Murphy's Law: If anything can go wrong, it will.
The Murphy Philosophy: Smile ... tomorrow will be worse
Murphy's Constant: Matter will be damaged in direct proportion to its value.
Quantisation Revision of Murphy's Law: Everything goes wrong all at once.
O'Toole's Commentary on Murphy's Law: Murphy was an optimist.
Boling's Postulate: If you're feeling good, don't worry. You'll get over it.
Corollaries to Murphy's Law: 1 Nothing is as easy as it looks.
Corollaries to Murphy's Law: 2 Everything takes longer than you think.
Corollaries to Murphy's Law: 3 If there is a possibility of several things going wrong, the one that will cause the most damage will be the one to go wrong.
Corollaries to Murphy's Law: 4 If you perceive that there are four possible ways in which a procedure can go wrong, and circumvent these, then a fifth way will promptly develop.
Corollaries to Murphy's Law: 5 Left to themselves things tend to go from bad to worse.
Corollaries to Murphy's Law: 6 Whenever you set out to do something, something else must be done first.
Corollaries to Murphy's Law: 7 Every solution breeds new problems
Corollaries to Murphy's Law: 8 It is impossible to make things foolproof because fools are so ingenious.
Corollaries to Murphy's Law: 9 Nature always sides with the hidden flaw.
Murphy's Law of Thermodynamics Things get worse under pressure
Laws of Computerdom according to Golub: 1 Fuzzy project objectives are used to avoid the embarrassment of estimating the corresponding costs.
Laws of Computerdom according to Golub: 2 A carelessly planned project takes three times longer to complete than expected; a carefully planned project takes only twice as long.
Laws of Computerdom according to Golub: 3 The effort required to correct course increases geometrically with time.
Laws of Computerdom according to Golub: 4 Project teams detest weekly progress reporting because it so vividly manifests their lack of progress.
Murphy's Law of Research Enough research will tend to support your theory.
Finagle's First Law If an experiment works, something has gone wrong
Finagle's Second Law No matter what the anticipated result, there will always be someone eager to (a) misinterpret it, (b) fake it, or (c) believe it happened to his own pet theory.
Finagle's Third Law In any collection of data, the figure most obviously correct, beyond all need of checking, is the mistake
Finagle's Fourth Law Once a job is fouled up, anything done to improve it only makes it worse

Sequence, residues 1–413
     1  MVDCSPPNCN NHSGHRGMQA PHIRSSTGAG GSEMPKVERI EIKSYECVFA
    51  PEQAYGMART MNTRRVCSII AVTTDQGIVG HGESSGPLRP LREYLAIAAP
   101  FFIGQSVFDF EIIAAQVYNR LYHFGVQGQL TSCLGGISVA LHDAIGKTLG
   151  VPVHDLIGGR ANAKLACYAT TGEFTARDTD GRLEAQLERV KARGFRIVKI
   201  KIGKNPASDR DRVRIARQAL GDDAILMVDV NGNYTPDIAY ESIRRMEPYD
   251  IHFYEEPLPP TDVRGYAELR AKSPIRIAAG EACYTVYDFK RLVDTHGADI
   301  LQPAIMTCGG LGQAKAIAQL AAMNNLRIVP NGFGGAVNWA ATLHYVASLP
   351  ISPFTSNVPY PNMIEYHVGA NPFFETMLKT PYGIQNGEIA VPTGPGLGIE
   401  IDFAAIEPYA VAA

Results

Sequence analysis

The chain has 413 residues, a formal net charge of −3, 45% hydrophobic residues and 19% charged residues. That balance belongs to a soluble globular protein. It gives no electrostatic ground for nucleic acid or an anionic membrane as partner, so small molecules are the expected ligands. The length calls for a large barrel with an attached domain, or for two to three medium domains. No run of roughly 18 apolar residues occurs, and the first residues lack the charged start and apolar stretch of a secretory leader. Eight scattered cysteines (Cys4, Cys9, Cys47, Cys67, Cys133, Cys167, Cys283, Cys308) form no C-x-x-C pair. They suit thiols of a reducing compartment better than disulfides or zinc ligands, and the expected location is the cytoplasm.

Lubarsky's Law of Cybernetic Entomology There's always one more bug.
Brook's Law Adding manpower to a late software project makes it later
Gilb's Laws of Unreliability: 1 Computers are unreliable, but humans are even more unreliable.
Gilb's Laws of Unreliability: 2 Any system which depends on human reliability is unreliable.
Gilb's Laws of Unreliability: 3 Undetectable errors are infinite in variety, in contrast to detectable errors, which by definition are limited.
Gilb's Laws of Unreliability: 4 Investments in reliability will increase until it exceeds the probable cost of errors, or until someone insists on getting some useful work done.
IBM Pollyanna Principle: Machines should work; people should think.
Churchill's Commentary on Man: Man will occasionally stumble over the truth, but most of the time he will pick himself up and continue on.
Spark's Ten Rules for the Project Manager: 1 Strive to look tremendously important.
Spark's Ten Rules for the Project Manager: 2 Attempt to be seen with important people.
Spark's Ten Rules for the Project Manager: 3 Speak with authority; however only expound on the obvious and proven facts.
Spark's Ten Rules for the Project Manager: 4 Don't engage in arguments, but if cornered, ask an irrelevant question and lean back with a satisfied grin while your opponent tries to figure out what's going on - then quickly change the subject.
Spark's Ten Rules for the Project Manager: 5 Listen intently while others are arguing the problem. Pounce on a trite statement and bury them with it.
Spark's Ten Rules for the Project Manager: 6 If a subordinate asks you a pertinent question, look at him as if he had lost his senses. When he looks down, paraphrase the question back at him.